- JR Hevron - MortgageLoan.com
Tuesday, Mar 8, 2011
Tempted by foreclosure or "as is" listings but wonder how you can afford to make them livable? FHA's streamlined 203(k) mortgage is your answer.
You've probably seen listings for impossibly cheap foreclosure or "as is" homes and asked yourself just how bad they could be. Pretty bad, actually! Sometimes the owners of these homes simply could not afford to maintain them. Other times, though, the owners went out of their way to trash them.
"I've been experiencing a lot of clients lately in these situations," says Seattle-based FHA
203(k) residential mortgage banker Dan Keller. "
Mr. and Mrs. First Time Homebuyer have found a really good deal on a foreclosure, but the previous homeowners either (1) abandoned the home and damaged it prior to getting foreclosed on, or (2) They took personal property
such as appliances, cabinets and flooring with them prior to getting foreclosed." In both of these cases, the bank
that foreclosed (new seller) will not restore the home. Instead, they sell it at a discount, "as is," and the only way to purchase a home like this is with a substantial down payment
or an FHA 203(k) rehab loan."
The catch-22 for some of these foreclosed or "as is" homes is that the bank doesn't plan to make any repairs, however, the buyer can't get FHA financing without flooring, appliances, toilets, and other basic functional items.
Also, most other mortgage financing programs will not close a loan unless the condition and value of the property provides adequate security for the lender. A lender typically requires any improvements to be finished before a long-term mortgage is made. What this typically means is that lenders don't want to give you money for a home that is falling apart even if you plan to use that money to put the home into livable condition and make it into a worthwhile investment.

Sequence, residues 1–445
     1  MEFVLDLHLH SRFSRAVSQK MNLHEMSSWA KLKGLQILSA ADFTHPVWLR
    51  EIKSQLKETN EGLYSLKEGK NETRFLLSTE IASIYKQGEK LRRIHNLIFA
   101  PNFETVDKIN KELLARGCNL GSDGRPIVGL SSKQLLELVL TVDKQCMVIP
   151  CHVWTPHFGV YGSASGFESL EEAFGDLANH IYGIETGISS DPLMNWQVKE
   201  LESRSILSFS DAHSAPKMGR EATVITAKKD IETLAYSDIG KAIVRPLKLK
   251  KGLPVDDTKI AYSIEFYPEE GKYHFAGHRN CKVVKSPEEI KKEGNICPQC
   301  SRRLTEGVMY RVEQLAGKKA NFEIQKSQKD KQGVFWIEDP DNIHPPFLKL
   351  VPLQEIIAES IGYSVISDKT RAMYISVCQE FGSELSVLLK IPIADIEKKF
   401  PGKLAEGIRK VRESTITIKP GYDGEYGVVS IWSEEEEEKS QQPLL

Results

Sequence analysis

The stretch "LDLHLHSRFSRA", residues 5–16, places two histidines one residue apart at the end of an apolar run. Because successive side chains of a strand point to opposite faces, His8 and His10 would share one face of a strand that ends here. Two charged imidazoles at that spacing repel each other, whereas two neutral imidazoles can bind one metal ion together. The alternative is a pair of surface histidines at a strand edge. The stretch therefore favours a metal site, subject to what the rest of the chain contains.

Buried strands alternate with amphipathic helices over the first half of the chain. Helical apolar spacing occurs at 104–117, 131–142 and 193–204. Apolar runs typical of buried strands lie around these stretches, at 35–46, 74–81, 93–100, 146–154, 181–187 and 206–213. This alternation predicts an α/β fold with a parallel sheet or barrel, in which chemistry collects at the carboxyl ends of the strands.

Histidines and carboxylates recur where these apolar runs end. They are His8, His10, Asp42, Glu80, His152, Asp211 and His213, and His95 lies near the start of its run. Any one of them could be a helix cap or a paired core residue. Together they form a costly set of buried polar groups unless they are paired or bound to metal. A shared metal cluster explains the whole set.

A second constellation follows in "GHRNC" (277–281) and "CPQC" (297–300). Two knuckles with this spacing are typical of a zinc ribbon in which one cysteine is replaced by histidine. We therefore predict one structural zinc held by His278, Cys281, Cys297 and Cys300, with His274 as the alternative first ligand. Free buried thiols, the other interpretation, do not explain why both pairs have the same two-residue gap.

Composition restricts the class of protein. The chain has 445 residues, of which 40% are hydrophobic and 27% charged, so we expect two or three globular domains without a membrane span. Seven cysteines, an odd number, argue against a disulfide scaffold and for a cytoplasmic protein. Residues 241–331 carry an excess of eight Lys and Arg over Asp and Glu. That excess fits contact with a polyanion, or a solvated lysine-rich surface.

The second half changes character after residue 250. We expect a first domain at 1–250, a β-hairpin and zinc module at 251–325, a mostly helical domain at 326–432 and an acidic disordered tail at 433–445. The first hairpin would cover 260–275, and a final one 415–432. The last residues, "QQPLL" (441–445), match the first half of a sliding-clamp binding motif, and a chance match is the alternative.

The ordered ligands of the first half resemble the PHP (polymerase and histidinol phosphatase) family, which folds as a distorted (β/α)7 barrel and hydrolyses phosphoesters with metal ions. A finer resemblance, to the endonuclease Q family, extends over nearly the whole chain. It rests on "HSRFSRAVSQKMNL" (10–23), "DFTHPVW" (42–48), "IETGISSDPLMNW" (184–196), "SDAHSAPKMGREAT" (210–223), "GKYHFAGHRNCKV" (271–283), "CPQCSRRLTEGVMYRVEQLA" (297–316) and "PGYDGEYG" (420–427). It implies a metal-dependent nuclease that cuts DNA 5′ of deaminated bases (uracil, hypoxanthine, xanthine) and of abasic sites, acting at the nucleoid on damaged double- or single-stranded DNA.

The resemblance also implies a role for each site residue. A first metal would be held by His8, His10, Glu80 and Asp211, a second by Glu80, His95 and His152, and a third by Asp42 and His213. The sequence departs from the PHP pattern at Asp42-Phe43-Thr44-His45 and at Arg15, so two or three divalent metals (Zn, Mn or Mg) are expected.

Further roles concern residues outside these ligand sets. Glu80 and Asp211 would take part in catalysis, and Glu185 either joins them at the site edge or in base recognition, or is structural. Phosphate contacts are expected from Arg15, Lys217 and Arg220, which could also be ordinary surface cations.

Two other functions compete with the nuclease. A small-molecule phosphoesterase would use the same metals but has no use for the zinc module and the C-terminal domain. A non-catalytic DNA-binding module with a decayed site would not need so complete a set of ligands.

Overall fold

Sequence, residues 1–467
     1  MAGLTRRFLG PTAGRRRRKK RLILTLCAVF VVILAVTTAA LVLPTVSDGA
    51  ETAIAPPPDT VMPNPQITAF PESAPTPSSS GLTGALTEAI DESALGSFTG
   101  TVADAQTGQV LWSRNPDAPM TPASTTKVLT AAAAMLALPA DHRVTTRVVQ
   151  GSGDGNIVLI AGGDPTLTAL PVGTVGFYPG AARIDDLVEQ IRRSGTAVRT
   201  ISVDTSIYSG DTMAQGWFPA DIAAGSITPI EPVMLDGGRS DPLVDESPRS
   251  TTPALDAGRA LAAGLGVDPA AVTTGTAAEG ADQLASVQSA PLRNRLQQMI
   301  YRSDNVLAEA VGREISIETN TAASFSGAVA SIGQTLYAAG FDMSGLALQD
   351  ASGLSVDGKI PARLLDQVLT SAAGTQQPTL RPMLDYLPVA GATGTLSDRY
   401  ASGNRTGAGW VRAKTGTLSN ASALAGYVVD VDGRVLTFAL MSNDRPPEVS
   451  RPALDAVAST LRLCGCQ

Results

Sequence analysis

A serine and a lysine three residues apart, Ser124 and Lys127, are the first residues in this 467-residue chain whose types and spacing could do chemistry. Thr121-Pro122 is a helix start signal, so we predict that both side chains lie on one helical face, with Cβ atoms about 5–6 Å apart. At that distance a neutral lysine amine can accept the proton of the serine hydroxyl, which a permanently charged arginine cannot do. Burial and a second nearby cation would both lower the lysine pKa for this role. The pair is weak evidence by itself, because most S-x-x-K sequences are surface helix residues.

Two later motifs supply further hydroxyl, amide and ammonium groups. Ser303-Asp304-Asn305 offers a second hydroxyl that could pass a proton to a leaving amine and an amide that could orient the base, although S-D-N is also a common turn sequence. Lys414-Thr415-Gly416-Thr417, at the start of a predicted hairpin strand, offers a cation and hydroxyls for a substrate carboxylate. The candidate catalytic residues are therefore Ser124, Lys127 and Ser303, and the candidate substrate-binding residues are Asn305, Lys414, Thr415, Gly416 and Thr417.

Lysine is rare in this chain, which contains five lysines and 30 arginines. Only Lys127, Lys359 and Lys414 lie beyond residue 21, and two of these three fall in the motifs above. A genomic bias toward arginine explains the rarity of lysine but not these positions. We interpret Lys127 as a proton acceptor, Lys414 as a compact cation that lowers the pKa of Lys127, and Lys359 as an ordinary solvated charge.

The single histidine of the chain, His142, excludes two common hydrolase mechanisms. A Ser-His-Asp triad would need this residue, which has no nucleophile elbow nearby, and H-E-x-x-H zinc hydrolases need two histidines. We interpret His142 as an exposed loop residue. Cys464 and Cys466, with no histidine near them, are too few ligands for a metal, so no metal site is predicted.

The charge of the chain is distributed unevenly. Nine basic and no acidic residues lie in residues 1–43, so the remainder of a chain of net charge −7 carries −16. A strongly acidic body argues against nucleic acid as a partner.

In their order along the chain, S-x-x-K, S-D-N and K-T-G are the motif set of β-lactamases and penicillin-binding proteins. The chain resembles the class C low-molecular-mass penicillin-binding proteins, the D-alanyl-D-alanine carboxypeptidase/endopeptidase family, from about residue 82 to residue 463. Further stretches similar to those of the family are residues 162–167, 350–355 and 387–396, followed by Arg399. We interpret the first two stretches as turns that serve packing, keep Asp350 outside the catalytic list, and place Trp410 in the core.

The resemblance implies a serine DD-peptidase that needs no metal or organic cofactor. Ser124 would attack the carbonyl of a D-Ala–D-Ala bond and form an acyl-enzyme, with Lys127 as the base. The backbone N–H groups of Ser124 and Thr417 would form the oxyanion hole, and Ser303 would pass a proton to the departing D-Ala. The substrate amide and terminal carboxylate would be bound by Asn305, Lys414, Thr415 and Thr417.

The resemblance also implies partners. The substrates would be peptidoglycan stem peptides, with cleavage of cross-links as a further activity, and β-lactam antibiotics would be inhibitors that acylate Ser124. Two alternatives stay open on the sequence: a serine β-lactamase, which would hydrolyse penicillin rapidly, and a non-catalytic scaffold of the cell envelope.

The beauty of the 203(k) program is that it streamlines this whole process. Basically, the FHA 203(k) loan program is an FHA mortgage and a home improvement loan rolled into one 30-year fixed mortgage loan. It's about $495 more in fees and about a quarter or three tenths of a point higher than basic FHA rates.
There are two types of FHA 203(k) mortgage: regular and streamlined. The regular version is for property that needs structural repairs while the streamlined version is for homes that need non-structural repairs. Both types of loans can be used for either a purchase or a refinance.
The streamlined version lets homebuyers finance an extra $35,000 into their mortgage for home improvements before they move in. This extra funding can pay for repairs that will help the home to pass the appraisal inspection for regular FHA or VA home loans. It can also simply close the gap between in personal finances between the down payment and the repairs necessary to make a house livable.
Here's how a typical Streamlined FHA 203(k) purchase works. Let's say that a house lists for $200,000. The buyer inspects it and figures out that the house needs $20,000-$25,000 in repairs. They offer $180,000 to the seller and, after the seller (hopefully) accepts, get a loan for $200,000 that pays for the total cost of the house with the repairs.
"I'll give you an example of a client that I just closed on this week," says Keller
, to further explain the process. "They put in new carpet, new hardwood floors, new granite counter tops, a backslider door, and a fence in their backyard. It ended up costing about $26,000, which they negotiated into the contract
. They got a check
for 50% of that $26,000. After a contractor
does the work, he will request a second draw
and get the rest of the cash. Then, we have an FHA appraiser come out and verify that the repairs have been done the clients are good to go."
If you are a first time homebuyer, the FHA Streamlined 203(k) may end up being essential to your purchase, especially if you plan to buy a short sale
, foreclosure, or fixer upper. "I'm a big advocate of this great loan program," says Keller
, "Especially as we continue to navigate through this foreclosure rich
market. Since the banks that foreclose and re-sell these homes aren't willing to pay for the much needed repairs, the FHA Streamlined 203(k) loan program is really the only financing option for many of the great deals that are out there."